Currently, I'm working on using a pressure pad tapping routine to select different modes.  It is very simple and elegant.

I have it all programmed out and it functionally looks great, but it is currently unstable going into and out of the tapping routines multiple times and becomes completely unresponsive.  Trying to figure that out.    If I can't, I'll have to come up with something else. 
Title: Re: My RGB LED Stairs Illumination video
Post by: focalist on Oct 27, 2011, 01:45 am
Is it a bounce issue?  You might try using the debounce library if you aren't already...
Title: Re: My RGB LED Stairs Illumination video
Post by: Cranium on Oct 27, 2011, 01:52 am

Is it a bounce issue?  You might try using the debounce library if you aren't already...


No, not a debounce issue.  I'm checking for a change in the pressure sensor reading to be below a certain threshold.  It then monitors for it to go above the threshold to tell it my foot has lifted off before counting again.  The counts are very accurate.  It is in the functions that the system completely stops responding for some, as yet, unknown issue.  Don't know if it is some kind of buffer overflow or too many functions called within other functions.  I've been spitting out serial data to try to figure out when/why it happens but haven't found anything relevant yet.
Title: Re: My RGB LED Stairs Illumination video
Post by: piticasgabriel on Nov 28, 2011, 05:36 pm
A big and great work!

Congratulations! A very good start point for many projects!

Thank you!
Title: Re: My RGB LED Stairs Illumination video
Post by: funkyguy4000 on Jan 15, 2012, 08:50 pm
I still love this thread, still great job!!
Have you made any changes to this since then?
Title: Re: My RGB LED Stairs Illumination video
Post by: Cranium on Jan 16, 2012, 06:13 pm
Thanks.

I have not made any more changes since my last update; however, I am going to be changing out the pressure pads to switch to an infrared beam soon.  The pressure pads work great but over time start to move around and the sensitivity decreases with repeated use.   

The transition to IR is going to require a couple of addition circuits to be added but I shouldn't have to redo what I have.  I plan on using a couple of 555 ICs to modulate the IR emitter so the receiver can accurately detect the beam.  The only downside to this is that the IR emitters are power hungry as compared to the pressure sensors with each drawing up to 50mA.  This will result in an additional $0.50/yr of electricity usage.  But I think I can live with that. ;)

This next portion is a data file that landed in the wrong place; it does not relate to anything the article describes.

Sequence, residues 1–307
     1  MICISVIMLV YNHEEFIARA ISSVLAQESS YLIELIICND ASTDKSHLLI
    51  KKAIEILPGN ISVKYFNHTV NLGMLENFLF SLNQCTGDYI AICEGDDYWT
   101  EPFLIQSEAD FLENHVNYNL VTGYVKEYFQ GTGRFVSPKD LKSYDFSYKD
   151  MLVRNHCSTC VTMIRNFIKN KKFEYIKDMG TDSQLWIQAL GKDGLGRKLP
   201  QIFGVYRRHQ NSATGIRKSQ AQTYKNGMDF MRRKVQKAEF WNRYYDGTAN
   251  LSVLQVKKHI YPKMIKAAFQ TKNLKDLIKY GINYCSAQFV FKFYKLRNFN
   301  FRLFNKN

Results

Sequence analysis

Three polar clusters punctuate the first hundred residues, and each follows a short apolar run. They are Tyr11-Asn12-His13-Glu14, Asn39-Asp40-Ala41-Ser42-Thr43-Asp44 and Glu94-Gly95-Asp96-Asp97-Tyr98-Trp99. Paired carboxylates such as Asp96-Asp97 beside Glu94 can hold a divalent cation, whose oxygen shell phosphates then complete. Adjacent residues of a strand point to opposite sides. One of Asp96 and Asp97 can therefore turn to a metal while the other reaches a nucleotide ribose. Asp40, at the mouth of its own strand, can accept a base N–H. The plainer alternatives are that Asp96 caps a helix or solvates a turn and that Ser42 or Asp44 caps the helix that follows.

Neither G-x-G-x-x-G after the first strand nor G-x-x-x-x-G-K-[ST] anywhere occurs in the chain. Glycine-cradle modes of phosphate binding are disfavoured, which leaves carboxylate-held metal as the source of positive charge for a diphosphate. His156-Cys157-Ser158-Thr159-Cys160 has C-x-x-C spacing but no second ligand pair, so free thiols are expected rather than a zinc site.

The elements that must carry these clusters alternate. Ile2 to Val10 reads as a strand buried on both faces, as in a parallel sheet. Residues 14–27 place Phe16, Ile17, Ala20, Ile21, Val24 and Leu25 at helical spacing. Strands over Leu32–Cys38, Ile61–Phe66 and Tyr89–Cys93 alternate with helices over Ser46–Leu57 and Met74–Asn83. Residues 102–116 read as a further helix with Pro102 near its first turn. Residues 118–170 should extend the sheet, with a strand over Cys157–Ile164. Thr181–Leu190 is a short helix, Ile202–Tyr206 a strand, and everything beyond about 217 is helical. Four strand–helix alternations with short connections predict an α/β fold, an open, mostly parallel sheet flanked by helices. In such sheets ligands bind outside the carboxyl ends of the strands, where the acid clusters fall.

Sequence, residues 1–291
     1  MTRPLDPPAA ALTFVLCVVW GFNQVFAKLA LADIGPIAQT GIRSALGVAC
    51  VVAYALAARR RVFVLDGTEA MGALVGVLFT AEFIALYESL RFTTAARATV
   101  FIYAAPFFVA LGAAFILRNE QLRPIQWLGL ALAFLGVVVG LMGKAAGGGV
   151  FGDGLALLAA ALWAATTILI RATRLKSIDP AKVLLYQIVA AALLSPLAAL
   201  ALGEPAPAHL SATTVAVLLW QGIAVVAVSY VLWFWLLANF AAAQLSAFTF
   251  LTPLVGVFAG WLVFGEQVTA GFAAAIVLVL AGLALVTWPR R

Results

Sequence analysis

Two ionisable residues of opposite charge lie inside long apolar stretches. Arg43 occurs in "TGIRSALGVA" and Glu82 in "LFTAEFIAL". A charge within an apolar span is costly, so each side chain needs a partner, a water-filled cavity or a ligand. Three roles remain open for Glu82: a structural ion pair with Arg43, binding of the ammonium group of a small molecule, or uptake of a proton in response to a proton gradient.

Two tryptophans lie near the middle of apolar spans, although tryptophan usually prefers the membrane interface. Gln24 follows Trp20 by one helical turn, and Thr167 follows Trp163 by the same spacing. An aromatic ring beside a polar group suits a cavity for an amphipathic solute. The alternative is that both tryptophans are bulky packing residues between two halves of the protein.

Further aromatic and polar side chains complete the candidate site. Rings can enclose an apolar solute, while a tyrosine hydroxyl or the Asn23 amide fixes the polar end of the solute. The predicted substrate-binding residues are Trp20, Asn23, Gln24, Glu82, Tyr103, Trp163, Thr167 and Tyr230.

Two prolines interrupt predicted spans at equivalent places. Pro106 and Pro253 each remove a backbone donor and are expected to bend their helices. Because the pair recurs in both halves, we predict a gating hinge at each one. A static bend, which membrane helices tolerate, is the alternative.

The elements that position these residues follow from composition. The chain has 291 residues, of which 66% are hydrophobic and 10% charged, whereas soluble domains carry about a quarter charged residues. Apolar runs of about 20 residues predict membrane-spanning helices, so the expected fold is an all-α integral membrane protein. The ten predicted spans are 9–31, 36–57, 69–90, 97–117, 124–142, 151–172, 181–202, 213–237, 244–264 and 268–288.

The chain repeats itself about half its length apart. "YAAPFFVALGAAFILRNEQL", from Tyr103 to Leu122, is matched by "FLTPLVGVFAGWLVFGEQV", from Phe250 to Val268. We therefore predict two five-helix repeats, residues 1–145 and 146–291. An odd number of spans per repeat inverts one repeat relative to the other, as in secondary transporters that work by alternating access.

Title: Re: My RGB LED Stairs Illumination video
Post by: fabiocaseri on May 19, 2012, 02:40 pm
Which rgb leds did you use?
Title: Re: My RGB LED Stairs Illumination video
Post by: funkyguy4000 on May 20, 2012, 08:10 am
Quote
Which rgb leds did you use?


I would like to know as well.

Also, have you made any modifications to this, how is it coming along?  I really like the idea.
Title: Re: My RGB LED Stairs Illumination video
Post by: Nyo on Jun 09, 2012, 10:32 am
That's just what I need to start the same project in my house!
As the others, I really would like to know which rbg leds are used for this; I will put them inside walls (plasterboard).
Very nice work!
Title: Re: My RGB LED Stairs Illumination video
Post by: Cranium on Jun 09, 2012, 08:34 pm
The RGB LEDs used are diffused common anode type that I picked up off of eBay.  They have a rated luminous intensity of 8,000mcd at 20mA.

I have not done anything further with the stairs lately.  I have determined that the pressure sensor are not going to work in my setup long term in the way I have them.  I have the pressure sensor centered between 2 stainless plates with a dab of hot glue on either side to focus the pressure on the sensor.  Then I put a dab of hot glue at each corner to hold the plates together.  It works great for a while but then the hot glue starts breaking down with the continuous walking on it.  I've thought of changing from the hot glue to little rubber pads but have decided to use infrared distance sensors instead.

The sensors have a limited range of about 3 feet so going across the stair case will work great.  The pressure sensors use only 2 wires whereas the infrared sensors use 3 wires.  To install these, I have to either hack in these to my existing board or I have to re-create the top board.  For simplicity, I will likely just hack in the sensors to my existing board. 

In my design, there are 3 PCBs to control each of the colors for the LED and the top board has the ATMega IC and the positive connectors for all the LEDs.  If I had to redo this all over again, I would spend the extra money to have a single 2 sided board made to allow me to easily plug each LED into its own connector rather than having to plug each leg of the LED into its own board.  This would make it easier to create something that is marketable to others interested in doing the same thing and would have saved me hours of wiring this up in my closet under the stairs.  But once installed, it has worked flawlessly.